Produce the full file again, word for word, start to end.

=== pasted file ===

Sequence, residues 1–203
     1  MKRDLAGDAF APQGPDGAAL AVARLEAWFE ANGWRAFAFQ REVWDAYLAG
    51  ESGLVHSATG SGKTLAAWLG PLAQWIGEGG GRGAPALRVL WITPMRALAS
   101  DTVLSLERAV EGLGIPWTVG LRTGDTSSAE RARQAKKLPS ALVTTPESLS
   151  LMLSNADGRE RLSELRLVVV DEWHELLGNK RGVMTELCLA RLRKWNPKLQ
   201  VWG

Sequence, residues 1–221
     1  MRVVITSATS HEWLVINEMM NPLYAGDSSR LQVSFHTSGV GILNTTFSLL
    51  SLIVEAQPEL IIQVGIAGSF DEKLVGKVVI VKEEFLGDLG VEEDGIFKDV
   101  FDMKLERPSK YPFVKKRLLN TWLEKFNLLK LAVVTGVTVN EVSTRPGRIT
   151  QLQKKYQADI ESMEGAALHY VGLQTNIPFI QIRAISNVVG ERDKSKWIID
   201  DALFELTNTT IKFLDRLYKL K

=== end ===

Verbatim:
Sequence, residues 1–203
     1  MKRDLAGDAF APQGPDGAAL AVARLEAWFE ANGWRAFAFQ REVWDAYLAG
    51  ESGLVHSATG SGKTLAAWLG PLAQWIGEGG GRGAPALRVL WITPMRALAS
   101  DTVLSLERAV EGLGIPWTVG LRTGDTSSAE RARQAKKLPS ALVTTPESLS
   151  LMLSNADGRE RLSELRLVVV DEWHELLGNK RGVMTELCLA RLRKWNPKLQ
   201  VWG

Sequence, residues 1–221
     1  MRVVITSATS HEWLVINEMM NPLYAGDSSR LQVSFHTSGV GILNTTFSLL
    51  SLIVEAQPEL IIQVGIAGSF DEKLVGKVVI VKEEFLGDLG VEEDGIFKDV
   101  FDMKLERPSK YPFVKKRLLN TWLEKFNLLK LAVVTGVTVN EVSTRPGRIT
   151  QLQKKYQADI ESMEGAALHY VGLQTNIPFI QIRAISNVVG ERDKSKWIID
   201  DALFELTNTT IKFLDRLYKL K